With the recent demolition of K-131 and K-631 — watch a video about the project here — there are no longer any buildings that conducted or supported gaseous diffusion uranium enrichment operations at ETTP for the first time since 1943.
ETTP, formerly known as the K-25 site or Oak Ridge Gaseous Diffusion Plant, was built as part of the Manhattan Project. During peak operations, the site contained five massive gaseous diffusion plants and numerous support facilities.
Those buildings housed operations, as well as workers, to help end World War II and produced highly enriched uranium for national defense and commercial energy production until the site was permanently shuttered in 1987.
Eleven of ETTP’s support facilities were housed in an area adjacent to Poplar Creek and known as the Poplar Creek facilities. With the completion of K-131 and K-631, crews have taken down all Poplar Creek facilities since the effort began two years ago.
“Completing demolition in this area is a major accomplishment for our program because it eliminates the oldest and most contaminated buildings that remained at ETTP,” said Jay Mullis, manager of DOE’s Oak Ridge Office of Environmental Management (OREM). “This is a key milestone towards achieving our vision for the site. This project helps close the chapter on gaseous diffusion and continues the transformation of ETTP into a multi-use industrial park for the community.”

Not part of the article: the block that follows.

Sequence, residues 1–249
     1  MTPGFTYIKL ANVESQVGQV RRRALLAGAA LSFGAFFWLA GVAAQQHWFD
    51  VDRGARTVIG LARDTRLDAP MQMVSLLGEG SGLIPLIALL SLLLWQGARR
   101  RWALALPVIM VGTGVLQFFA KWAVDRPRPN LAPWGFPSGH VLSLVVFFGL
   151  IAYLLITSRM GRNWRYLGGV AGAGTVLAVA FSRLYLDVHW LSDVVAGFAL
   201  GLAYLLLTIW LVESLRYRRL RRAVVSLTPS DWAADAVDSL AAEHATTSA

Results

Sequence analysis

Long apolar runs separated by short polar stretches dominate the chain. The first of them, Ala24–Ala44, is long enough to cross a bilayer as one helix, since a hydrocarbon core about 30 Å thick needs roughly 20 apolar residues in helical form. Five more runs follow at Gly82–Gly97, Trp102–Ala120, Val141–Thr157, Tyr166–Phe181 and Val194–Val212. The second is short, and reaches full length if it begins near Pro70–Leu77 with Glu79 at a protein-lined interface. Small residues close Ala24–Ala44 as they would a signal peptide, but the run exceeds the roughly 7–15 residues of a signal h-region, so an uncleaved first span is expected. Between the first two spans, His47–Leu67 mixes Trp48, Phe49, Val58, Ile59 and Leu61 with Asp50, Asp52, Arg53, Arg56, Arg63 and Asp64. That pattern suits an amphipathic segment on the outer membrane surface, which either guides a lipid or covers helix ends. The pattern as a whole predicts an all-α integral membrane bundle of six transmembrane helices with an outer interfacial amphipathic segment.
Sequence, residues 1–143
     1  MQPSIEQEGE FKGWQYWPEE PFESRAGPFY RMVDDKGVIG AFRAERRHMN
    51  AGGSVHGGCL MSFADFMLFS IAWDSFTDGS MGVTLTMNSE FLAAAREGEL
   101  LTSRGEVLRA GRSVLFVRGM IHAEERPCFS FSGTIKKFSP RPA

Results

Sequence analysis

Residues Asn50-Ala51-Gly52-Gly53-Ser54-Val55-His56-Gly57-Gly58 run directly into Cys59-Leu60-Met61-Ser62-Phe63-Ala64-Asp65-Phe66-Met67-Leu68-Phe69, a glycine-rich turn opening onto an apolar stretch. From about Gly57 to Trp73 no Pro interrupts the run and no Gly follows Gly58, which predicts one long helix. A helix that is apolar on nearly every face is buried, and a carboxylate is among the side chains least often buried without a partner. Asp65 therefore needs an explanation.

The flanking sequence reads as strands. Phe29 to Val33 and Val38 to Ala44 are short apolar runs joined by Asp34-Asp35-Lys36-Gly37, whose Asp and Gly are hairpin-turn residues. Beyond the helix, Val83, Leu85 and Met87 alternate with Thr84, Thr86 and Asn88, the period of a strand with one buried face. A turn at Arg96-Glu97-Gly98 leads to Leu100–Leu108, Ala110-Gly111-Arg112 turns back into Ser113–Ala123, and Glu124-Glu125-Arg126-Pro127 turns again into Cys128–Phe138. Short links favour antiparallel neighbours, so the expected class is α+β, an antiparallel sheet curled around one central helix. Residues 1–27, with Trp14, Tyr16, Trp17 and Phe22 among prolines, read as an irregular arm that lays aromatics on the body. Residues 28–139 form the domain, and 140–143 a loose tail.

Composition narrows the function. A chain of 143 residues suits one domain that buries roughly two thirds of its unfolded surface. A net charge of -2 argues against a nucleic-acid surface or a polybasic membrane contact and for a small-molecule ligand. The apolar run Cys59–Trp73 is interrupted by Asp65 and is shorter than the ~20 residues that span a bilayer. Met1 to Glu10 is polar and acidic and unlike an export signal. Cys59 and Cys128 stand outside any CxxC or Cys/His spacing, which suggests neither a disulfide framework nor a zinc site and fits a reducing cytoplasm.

Originally, workers in Building K-131 provided purified uranium hexafluoride to the uranium enrichment cascade. Through the years, the building was used for a variety of other purposes until uranium enrichment operations ceased at the site.
Workers in the companion Building K-631 withdrew gaseous depleted uranium hexafluoride from the cascade, converted it to liquid, and transferred it to transport cylinders. The five-story K-131 and two-story K-631 had a combined floor space of more than 83,000 square feet.
Crews are set to remove the Poplar Creek area building slabs. Once all cleanup is complete, that area and the adjacent footprint of the former Building K-29 will undergo a regulatory approval process to enable the land to be transferred to the community for economic development.
“In all, 1,200 acres have already been transferred from government ownership for economic development at ETTP, and this project will help add another 80 acres to that total,” said Ken Rueter, UCOR president and chief executive officer. “Making this land available for redevelopment will continue to stimulate the local economy as the site opens a new chapter in its decades-long history of serving the nation in both wartime and peace.”
The removal of buildings at ETTP is another in a long line of landscape changes that have taken place as OREM and cleanup contractor UCOR work toward achieving Vision 2020, the goal to complete major cleanup at ETTP by the end of 2020.
The ultimate vision for ETTP is a multi-use industrial park for industry, historic preservation attractions, and conservation areas.